Spell It Right: A Comparison of British and American English

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If you’re from Malaysia, you’re probably familiar with the fact that the education system and many local universities lean towards (have a tendency towards) the British English spelling system.

However, once you begin typing in Microsoft Word, for example, you’ll likely notice the program’s preference for American spelling, and it may attempt to correct you. 

This is precisely why you should be extra careful and put on your ‘spellchecker glasses’ to spot these differences and make the necessary adjustments.

Take the word, ‘recognize’ for example. This is spelt the American way. And while we’re on the subject, did you notice that ‘spelt‘ just now is the British English version of ‘spelled’?

If you’re in the United States, ‘spelled‘ is the preferred choice. However, both ‘spelt‘ and ‘spelled‘ are valid past tense forms of ‘spell‘ in British English. Malaysia accepts both spellings too.

If you’ve never noticed those subtle differences before, do not fret! 

In this video, I talk about the differences between British English and American English spelling.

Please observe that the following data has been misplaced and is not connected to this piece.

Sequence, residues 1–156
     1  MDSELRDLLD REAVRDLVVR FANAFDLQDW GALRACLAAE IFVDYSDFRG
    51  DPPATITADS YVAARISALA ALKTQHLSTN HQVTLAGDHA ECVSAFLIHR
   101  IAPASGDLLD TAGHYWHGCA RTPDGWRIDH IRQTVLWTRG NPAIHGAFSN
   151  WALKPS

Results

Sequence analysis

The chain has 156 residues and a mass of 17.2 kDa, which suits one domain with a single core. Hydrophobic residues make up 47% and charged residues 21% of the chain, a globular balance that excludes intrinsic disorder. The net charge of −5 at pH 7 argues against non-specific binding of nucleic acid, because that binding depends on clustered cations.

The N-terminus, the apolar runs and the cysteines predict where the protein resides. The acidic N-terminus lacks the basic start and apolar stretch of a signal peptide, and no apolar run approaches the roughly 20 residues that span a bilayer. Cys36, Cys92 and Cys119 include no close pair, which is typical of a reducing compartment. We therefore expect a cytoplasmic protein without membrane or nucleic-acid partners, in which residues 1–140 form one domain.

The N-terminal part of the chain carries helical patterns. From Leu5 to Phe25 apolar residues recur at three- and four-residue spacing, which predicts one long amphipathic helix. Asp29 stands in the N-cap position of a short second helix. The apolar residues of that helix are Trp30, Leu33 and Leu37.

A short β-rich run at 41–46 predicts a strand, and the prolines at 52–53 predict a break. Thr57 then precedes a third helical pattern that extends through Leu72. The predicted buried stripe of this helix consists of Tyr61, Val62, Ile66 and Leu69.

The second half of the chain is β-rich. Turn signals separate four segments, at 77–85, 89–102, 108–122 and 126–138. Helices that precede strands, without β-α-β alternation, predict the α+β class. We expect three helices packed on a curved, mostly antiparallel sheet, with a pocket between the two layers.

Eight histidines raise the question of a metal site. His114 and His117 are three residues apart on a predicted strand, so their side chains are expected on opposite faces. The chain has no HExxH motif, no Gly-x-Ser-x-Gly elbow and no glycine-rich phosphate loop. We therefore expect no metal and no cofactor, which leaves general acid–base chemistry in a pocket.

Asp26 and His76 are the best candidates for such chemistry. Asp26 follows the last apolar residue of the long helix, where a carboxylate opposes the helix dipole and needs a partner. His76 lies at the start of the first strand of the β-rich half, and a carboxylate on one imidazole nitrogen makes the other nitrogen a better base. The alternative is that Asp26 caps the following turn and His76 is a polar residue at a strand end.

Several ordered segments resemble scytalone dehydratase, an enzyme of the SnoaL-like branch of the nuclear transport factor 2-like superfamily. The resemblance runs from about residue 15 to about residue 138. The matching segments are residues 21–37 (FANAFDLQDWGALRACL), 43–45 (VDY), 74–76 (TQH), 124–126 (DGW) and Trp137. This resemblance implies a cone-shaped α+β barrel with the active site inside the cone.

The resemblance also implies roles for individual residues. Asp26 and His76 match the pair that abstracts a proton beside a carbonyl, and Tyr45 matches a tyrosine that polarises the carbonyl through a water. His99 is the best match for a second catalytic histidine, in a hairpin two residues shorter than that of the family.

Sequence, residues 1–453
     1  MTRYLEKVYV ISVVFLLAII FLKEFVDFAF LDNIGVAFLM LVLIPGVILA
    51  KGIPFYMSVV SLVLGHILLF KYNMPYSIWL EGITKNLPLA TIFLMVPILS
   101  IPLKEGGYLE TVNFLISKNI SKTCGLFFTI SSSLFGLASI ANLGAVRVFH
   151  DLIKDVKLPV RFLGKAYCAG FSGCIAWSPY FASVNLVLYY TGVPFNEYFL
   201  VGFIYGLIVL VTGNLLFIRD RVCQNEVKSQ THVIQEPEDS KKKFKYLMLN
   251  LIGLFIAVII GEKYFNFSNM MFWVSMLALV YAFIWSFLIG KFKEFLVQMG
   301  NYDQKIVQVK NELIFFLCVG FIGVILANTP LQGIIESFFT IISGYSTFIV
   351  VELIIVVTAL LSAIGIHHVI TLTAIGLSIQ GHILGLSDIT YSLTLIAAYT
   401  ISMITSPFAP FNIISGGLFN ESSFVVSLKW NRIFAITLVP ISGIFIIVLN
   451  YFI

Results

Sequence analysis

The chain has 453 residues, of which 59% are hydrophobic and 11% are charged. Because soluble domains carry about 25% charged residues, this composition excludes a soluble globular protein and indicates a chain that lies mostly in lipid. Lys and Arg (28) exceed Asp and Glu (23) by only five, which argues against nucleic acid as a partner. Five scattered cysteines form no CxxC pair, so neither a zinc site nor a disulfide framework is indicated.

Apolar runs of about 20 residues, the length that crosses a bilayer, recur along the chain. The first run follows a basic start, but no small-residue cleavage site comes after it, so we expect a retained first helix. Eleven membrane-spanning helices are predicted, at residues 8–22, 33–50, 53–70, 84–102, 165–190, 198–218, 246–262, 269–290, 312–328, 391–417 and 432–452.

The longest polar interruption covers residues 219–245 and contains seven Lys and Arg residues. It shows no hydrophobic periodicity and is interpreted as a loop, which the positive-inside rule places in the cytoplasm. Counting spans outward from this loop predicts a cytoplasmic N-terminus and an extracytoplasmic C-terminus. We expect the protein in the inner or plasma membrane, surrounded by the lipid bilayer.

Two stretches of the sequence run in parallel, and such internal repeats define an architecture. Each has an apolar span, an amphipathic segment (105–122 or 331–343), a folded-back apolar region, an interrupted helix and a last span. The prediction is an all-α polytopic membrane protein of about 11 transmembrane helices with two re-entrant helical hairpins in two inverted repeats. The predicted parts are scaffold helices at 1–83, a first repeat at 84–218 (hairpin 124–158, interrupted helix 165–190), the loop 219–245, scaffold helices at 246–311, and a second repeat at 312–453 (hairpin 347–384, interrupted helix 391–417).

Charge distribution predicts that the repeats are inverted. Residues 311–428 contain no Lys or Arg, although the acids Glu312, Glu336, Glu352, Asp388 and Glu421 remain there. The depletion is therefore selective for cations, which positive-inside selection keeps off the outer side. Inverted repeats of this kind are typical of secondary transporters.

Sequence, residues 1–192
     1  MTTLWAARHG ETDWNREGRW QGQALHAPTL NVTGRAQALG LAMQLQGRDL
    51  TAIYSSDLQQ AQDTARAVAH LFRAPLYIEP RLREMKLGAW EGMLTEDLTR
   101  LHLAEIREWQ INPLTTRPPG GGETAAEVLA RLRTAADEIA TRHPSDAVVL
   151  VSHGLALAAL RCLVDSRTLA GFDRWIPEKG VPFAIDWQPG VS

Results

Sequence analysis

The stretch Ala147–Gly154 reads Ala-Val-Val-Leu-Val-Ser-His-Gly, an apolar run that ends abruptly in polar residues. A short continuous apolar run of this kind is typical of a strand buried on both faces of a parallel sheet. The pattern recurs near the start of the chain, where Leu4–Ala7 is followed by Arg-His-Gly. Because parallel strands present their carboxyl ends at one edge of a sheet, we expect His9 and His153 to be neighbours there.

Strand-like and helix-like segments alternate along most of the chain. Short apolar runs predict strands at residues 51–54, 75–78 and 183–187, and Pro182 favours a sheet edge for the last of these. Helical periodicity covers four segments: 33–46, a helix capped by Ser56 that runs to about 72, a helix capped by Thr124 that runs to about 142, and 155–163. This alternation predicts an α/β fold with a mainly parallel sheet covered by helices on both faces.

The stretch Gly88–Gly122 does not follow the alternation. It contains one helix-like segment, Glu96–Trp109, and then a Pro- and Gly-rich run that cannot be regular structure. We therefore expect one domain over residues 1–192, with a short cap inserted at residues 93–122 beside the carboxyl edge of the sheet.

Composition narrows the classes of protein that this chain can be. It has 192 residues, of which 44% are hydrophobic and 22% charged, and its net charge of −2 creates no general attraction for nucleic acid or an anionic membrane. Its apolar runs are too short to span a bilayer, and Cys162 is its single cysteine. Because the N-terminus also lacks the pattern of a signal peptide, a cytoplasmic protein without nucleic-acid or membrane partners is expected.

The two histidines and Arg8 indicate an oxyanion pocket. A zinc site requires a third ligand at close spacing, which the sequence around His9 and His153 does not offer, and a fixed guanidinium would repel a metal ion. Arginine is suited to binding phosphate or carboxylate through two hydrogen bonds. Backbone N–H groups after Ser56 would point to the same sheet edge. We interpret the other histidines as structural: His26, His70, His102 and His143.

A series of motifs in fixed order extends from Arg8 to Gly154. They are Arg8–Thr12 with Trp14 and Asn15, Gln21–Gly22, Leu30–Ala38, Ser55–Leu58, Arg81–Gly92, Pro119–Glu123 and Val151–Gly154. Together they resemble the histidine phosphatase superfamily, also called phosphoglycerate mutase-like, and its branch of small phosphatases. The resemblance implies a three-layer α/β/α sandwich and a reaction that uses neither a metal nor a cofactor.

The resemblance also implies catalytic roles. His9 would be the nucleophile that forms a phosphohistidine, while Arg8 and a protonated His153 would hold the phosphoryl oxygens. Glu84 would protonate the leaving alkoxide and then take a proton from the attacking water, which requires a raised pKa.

You can also listen to this episode on SpotifyApple Podcasts or Google Podcasts.

Now let’s put your knowledge to the test.

We’ve prepared ten pairs of words (highlighting the contrast between British English and American English) to test you.

All you need to do is identify the British English spelling for each pair. The answers are revealed below.

  1. programme or program
  2. focused or focussed
  3. enroll or enrol
  4. colorful or colourful
  5. practise or practice
  6. defence or defense
  7. utilised or utilized
  8. emphasise or emphasize
  9. licence or license
  10. learned or learnt


Here are the words spelt in British English:

  1. programme (but program in computing contexts)
  2. focussed
  3. enrol
  4. colourful
  5. practise (verb), practice (noun)
  6. defense
  7. utilised
  8. emphasise
  9. licence
  10. learnt


You may have noticed that in contrast to American English spelling, some British English words tend to have more letters (like ‘programme and ‘focussed‘) and that they prefer ‘s’ over ‘z’. Some words like ‘enrol‘ and ‘learnt‘ are shorter.

To learn more about these words and their definitions, make sure you listen to the video above. 

Remember, the next time you need to write, stay consistent in your spelling.

Until our next class!

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Hi there!

We’re Azimah, Amnah and Aisya from Malaysia. We created My English Matters as an online platform to help people improve their English.

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